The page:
The video was taken by a 17-year-old girl, a passerby. She never knew that she was filming a game-changer event! The trauma she must be going through is unimaginable. I hope she can overcome the shock over a period.

Southern States in the US had been the strong proponents of using African Americans as slaves for more than 100 years. In fact, the American civil war took place as the Northern States in the US were against slavery.

What does all this really mean, and why does this event look a game-changer? What is the background?

Discrimination due to caste, creed and colour is not new to this world. It has been happening all through the history of mankind. In our mythological stories, God- the good always has a fair colour, and the demons are still dark in any depiction. The Indian language word for this fair colour is GORA!

Disclaimer- I am going to mention a few things from human history, a subject in which my knowledge is minimal. I am using this knowledge to understand the basics of how the dark colour was looked in a bad light.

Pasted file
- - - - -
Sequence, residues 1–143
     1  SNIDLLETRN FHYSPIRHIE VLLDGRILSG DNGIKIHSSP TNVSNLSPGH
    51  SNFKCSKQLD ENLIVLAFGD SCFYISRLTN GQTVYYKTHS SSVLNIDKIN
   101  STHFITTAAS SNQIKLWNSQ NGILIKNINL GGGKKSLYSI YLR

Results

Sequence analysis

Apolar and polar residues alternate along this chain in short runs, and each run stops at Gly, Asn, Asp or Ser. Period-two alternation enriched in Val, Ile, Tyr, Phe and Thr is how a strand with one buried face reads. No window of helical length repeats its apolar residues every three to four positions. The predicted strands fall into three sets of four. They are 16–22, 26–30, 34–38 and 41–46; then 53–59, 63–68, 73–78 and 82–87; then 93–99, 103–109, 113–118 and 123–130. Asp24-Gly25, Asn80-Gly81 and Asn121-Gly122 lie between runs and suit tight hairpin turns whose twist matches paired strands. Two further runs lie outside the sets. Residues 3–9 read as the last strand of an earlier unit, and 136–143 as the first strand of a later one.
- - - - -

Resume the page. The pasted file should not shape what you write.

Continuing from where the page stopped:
The society from olden times is depicted below in terms of four Varnas- they were Savarnas. Those who did not conform to these four Varnas were Avarna.

  • Shudras: labourers and service providers.
  • Vaishyas: agriculturalists and merchants.
  • Kshatriyas: rulers, warriors and administrators.
  • Brahmins: priests, scholars and teachers.

Then there was the concept of purity and impurity. The society changed the meaning of the idea of purity and impurity to suit its acts. The thought process initially discussed moral issues. Those who followed the then correct ethical issues were pure, and others were impure. But over a period, those with fair skins were described as pure and superior; people with dark skins were considered impure and inferior.

The colour of our skin is dependent on melanin produced by skin cells when we are exposed to the Sun. The more the sun exposure, the more melanin is produced. It is a clear scientific explanation, but humans chose to ignore this information.

It is too simplistic an explanation to explain why Goras are considered a superior race. But this happens all over the world.

In Hinduism Lord Ram and Lord Krishna are shown in blue colour along with Lord Shiva. How do you explain this? The blue colour indicates HIS all-pervasive nature, blue being the colour of the infinite sky as well as the endless ocean on which he resides. The colour blue, therefore, symbolises the infinite and Vishnu is represented as an immense force. It is also symbolising his vastness as deep as the heavens.